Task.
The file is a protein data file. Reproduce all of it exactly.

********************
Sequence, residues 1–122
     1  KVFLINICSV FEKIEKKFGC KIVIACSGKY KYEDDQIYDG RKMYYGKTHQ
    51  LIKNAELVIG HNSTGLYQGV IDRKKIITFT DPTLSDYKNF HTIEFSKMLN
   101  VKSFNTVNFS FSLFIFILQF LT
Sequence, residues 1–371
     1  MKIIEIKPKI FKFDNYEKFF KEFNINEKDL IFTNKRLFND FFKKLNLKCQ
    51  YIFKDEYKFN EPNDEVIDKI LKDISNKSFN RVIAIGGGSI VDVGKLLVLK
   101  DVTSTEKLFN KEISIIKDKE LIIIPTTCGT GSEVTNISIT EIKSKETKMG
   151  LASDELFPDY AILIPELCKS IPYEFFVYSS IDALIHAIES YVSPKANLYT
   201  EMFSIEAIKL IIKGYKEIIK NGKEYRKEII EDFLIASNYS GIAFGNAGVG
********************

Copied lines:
Sequence, residues 1–122
     1  KVFLINICSV FEKIEKKFGC KIVIACSGKY KYEDDQIYDG RKMYYGKTHQ
    51  LIKNAELVIG HNSTGLYQGV IDRKKIITFT DPTLSDYKNF HTIEFSKMLN
   101  VKSFNTVNFS FSLFIFILQF LT
Sequence, residues 1–371
     1  MKIIEIKPKI FKFDNYEKFF KEFNINEKDL IFTNKRLFND FFKKLNLKCQ
    51  YIFKDEYKFN EPNDEVIDKI LKDISNKSFN RVIAIGGGSI VDVGKLLVLK
   101  DVTSTEKLFN KEISIIKDKE LIIIPTTCGT GSEVTNISIT EIKSKETKMG
   151  LASDELFPDY AILIPELCKS IPYEFFVYSS IDALIHAIES YVSPKANLYT
   201  EMFSIEAIKL IIKGYKEIIK NGKEYRKEII EDFLIASNYS GIAFGNAGVG